A reader named Robert called the other day to talk about how difficult it is for the average citizen, even a well-informed one, to know how to evaluate candidates for judge.
He called, of course, because here in Stanislaus County we have six candidates from which to choose to fill a single seat on the bench. He was looking for ideas on how to compare them. I wasn't terribly helpful.
For most of us, our exposure to attorneys and courtrooms is limited to jury duty. There's a chance we've seen an attorney in action who is or becomes a candidate for judge. Beyond that, unless we're lawyers or have reason to spend a lot of time with lawyers, we probably don't know much about the people running for judge. We're limited to what we learn from their ballot statements, their comments at public forums, and in media interviews and their campaign mailers.
We have little way of knowing how well they know the law. And we can't evaluate their temperament -- how well they would handle the stress of managing a busy courtroom with opposing legal teams in various levels of battle.
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I've grown to appreciate the value of having judges appointed by the governor, which is the way the majority of the almost 2,000 Superior Court judges reach the county benches in California. The appointment process involves a thorough vetting that simply doesn't happen in a typical election campaign season.
In the appointment process, attorneys and others familiar with the applicants are allowed to provide confidential comments on things such as temperament and smarts. While I suspect there might be occasional blackballing of a qualified applicant, this does help weed out someone who doesn't have the respect of the legal community.
During an election campaign, most attorneys are not going to challenge openly the intellect and abilities of a judge candidate, in part because they might someday end up in a courtroom presided over by that person.
Obviously, all six candidates in this race meet the minimum qualifications to be a judge -- being a member of the State Bar and having been in practice for at least 10 years.
Beyond that, they're a mixed bag.
I attended one of the handful of forums for judge and learned a little more, although not enough for me to confirm my choice. Their public speaking abilities varied. And their community service varied, from darn little to quite impressive.
Shawn Bessey is the only prosecutor in the field, so I'm not surprised he has the endorsement of a variety of police officers associations and many of his colleagues in the district attorney's office. Nancy Williamsen is a Superior Court commissioner, chosen by the judges for this somewhat subordinate role, and she has the endorsement of several other judges, current and retired. Again, not surprising but perhaps notable.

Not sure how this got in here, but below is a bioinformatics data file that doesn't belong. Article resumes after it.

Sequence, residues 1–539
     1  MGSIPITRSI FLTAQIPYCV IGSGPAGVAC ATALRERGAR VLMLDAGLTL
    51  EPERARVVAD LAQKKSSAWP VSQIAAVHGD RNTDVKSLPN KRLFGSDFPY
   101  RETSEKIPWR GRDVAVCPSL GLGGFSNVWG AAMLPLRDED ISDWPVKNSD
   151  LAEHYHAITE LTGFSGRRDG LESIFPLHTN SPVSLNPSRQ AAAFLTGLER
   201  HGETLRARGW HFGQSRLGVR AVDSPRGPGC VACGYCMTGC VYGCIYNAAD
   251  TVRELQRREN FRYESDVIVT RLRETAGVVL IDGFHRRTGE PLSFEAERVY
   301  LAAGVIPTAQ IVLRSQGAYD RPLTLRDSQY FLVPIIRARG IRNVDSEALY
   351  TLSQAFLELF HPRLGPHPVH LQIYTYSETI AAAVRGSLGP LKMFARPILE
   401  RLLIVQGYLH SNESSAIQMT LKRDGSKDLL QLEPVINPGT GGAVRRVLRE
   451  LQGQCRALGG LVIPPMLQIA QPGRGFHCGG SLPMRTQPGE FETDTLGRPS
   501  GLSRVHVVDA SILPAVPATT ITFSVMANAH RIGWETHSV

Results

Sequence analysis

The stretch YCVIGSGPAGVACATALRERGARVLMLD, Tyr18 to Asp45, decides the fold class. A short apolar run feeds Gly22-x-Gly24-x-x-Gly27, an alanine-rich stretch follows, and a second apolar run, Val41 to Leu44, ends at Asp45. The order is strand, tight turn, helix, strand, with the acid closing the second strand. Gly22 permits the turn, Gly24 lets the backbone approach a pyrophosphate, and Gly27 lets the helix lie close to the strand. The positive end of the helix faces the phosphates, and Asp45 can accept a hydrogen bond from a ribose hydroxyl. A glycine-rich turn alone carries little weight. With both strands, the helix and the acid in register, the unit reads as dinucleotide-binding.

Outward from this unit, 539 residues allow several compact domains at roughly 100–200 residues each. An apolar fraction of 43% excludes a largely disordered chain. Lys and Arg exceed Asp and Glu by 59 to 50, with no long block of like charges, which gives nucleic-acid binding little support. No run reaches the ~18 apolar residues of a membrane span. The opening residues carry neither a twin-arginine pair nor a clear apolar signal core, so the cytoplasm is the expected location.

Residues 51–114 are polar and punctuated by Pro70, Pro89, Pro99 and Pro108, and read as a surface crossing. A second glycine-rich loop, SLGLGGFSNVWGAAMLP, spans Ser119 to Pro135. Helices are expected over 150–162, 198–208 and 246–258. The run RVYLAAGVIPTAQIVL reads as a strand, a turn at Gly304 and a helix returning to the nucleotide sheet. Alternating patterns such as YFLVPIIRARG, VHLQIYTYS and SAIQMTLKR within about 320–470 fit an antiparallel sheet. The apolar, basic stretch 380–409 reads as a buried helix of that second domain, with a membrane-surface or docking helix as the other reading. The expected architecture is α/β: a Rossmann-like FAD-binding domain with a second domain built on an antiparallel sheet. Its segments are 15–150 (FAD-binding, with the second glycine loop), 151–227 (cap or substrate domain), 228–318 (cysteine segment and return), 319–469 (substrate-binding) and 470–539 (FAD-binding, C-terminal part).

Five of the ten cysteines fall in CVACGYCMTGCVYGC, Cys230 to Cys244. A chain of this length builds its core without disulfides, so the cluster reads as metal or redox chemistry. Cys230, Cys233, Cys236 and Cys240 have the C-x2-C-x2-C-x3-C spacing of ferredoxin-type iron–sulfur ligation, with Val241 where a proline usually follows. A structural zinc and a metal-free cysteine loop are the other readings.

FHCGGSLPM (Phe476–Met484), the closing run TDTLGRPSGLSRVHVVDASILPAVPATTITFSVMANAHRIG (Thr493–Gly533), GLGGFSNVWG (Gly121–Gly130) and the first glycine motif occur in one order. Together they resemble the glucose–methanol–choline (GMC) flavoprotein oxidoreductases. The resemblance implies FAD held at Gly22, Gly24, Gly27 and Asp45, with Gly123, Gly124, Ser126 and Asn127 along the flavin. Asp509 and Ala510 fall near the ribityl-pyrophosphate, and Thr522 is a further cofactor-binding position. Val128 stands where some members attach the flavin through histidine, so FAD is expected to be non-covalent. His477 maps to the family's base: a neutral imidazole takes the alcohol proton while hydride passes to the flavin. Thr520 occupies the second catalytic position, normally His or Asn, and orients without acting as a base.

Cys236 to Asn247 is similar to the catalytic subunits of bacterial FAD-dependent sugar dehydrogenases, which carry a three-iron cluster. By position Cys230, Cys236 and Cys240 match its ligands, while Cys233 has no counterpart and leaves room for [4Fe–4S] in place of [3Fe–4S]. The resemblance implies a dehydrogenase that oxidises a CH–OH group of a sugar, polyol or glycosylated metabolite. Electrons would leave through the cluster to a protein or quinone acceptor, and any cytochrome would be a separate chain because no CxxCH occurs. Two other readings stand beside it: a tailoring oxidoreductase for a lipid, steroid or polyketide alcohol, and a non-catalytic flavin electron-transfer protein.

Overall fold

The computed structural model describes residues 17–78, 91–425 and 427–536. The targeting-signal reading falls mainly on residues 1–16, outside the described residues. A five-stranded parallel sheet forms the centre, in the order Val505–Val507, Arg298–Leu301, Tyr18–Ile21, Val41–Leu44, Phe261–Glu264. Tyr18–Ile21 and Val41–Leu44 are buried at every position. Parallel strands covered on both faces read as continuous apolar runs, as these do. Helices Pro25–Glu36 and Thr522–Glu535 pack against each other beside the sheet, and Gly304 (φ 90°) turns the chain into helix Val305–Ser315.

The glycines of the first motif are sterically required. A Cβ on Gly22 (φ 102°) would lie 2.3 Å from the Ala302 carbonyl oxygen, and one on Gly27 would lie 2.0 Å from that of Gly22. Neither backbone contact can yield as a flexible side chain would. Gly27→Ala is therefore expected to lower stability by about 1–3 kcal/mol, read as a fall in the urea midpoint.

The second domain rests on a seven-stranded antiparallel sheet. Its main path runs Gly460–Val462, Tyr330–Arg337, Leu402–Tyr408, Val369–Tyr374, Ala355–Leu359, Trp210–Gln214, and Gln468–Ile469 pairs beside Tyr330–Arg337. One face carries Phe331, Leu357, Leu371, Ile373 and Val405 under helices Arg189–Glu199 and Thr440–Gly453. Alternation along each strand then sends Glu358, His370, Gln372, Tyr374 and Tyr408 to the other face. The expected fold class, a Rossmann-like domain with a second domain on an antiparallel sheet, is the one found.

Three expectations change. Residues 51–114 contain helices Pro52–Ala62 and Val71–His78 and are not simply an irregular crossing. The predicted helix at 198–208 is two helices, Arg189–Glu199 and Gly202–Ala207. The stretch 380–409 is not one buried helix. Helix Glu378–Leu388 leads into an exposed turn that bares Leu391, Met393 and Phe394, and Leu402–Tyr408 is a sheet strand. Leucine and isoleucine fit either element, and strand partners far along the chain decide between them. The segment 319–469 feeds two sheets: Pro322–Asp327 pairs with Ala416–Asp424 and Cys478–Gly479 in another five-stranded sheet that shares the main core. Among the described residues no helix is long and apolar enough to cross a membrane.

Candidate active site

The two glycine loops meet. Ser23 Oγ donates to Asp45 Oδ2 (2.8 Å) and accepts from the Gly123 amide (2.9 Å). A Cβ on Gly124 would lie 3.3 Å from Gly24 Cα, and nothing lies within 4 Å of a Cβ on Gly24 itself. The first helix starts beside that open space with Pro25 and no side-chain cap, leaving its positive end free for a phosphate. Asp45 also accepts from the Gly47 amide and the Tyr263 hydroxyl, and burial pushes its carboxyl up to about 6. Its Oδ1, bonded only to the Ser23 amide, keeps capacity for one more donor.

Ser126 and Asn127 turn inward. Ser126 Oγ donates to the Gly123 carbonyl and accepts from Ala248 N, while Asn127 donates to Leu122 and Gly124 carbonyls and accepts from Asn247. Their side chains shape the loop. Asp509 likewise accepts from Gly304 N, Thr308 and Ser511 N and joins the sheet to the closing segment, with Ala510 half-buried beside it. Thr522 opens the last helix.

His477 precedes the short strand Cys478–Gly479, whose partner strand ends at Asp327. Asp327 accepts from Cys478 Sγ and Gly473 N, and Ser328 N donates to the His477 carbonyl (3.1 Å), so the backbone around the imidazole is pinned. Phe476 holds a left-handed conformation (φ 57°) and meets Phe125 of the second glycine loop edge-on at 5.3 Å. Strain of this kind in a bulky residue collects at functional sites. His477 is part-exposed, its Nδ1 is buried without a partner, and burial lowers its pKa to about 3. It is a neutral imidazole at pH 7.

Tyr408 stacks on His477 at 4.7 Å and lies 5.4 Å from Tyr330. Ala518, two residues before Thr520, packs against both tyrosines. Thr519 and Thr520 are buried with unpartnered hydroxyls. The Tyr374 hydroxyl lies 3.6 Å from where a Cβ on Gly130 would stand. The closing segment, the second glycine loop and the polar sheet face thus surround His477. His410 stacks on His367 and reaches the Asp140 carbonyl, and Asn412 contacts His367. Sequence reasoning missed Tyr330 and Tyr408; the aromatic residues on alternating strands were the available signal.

One candidate is not seeking endorsements. One is campaigning as being "tough on crime," although his experience is primarily on the civil side.
I appreciate the fact that at least one candidate pointed out that judges don't simply handle criminal cases. They never are sure whether they'll be assigned to juvenile court, probate, family law or the criminal courts. It underscores the fact that we need judges who capably can handle any of these areas.
We (the editorial board of The Bee; see names below) did not interview the six judicial candidates and we're not making a recommendation in this race -- partly a matter of time but also because it is hard for us, as it is for the average citizen, to evaluate their strengths and weaknesses.
With six candidates in the field, it's unlikely anyone will get the required majority vote (50 percent plus one of the total votes cast in the race) in June. That means there will be a runoff in November between the top two vote-getters.
That should give all of us more opportunity to evaluate the choices.
If June is around the corner, then November can't be far behind. Candidates already are surfacing for the fall election, when seven of the county's nine cities will select council members and there are three seats up on the Yosemite Community College District board of trustees. Once again, The Bee is helping to sponsor a free workshop to help people learn what's involved in being a candidate for elective office. The session is scheduled July 10 from 9 a.m. to noon at the Salida branch of the Stanislaus County Library. The speakers will include veterans of many local campaigns and an accountant who specializes in campaign finance reporting requirements. Advance registration is strongly requested so sufficient materials will be available. To sign up, contact the Modesto Chamber of Commerce at 577-5757 or firstname.lastname@example.org. This workshop also is open to those who might be considering a run for office in 2011 and beyond.
Monday (as in tomorrow) is the deadline to register to vote in the June 8 primary. You can download a form from the secretary of state's Web site, www.sos.ca.gov, or get one at the library or election offices.
Sly is editor of The Bee's opinions pages. Contact her at 578-2317 or email@example.com.